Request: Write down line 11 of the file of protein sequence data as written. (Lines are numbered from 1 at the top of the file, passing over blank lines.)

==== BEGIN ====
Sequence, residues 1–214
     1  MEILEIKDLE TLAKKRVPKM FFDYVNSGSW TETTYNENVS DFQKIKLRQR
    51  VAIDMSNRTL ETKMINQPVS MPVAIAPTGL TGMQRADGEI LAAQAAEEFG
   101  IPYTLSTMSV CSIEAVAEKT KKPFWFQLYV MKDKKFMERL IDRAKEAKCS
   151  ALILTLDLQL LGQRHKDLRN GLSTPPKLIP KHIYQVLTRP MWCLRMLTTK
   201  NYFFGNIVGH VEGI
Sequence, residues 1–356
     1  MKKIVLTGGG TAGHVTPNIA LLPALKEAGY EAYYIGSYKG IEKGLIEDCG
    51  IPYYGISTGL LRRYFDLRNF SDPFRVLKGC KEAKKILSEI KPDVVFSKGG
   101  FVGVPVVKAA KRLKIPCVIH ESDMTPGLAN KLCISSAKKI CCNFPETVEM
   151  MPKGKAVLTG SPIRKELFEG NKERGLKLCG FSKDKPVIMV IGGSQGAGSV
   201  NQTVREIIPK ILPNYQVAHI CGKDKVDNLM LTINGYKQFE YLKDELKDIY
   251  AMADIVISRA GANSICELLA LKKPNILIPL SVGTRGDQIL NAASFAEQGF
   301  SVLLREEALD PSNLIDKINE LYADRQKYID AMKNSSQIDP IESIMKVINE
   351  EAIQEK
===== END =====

   151  MPKGKAVLTG SPIRKELFEG NKERGLKLCG FSKDKPVIMV IGGSQGAGSV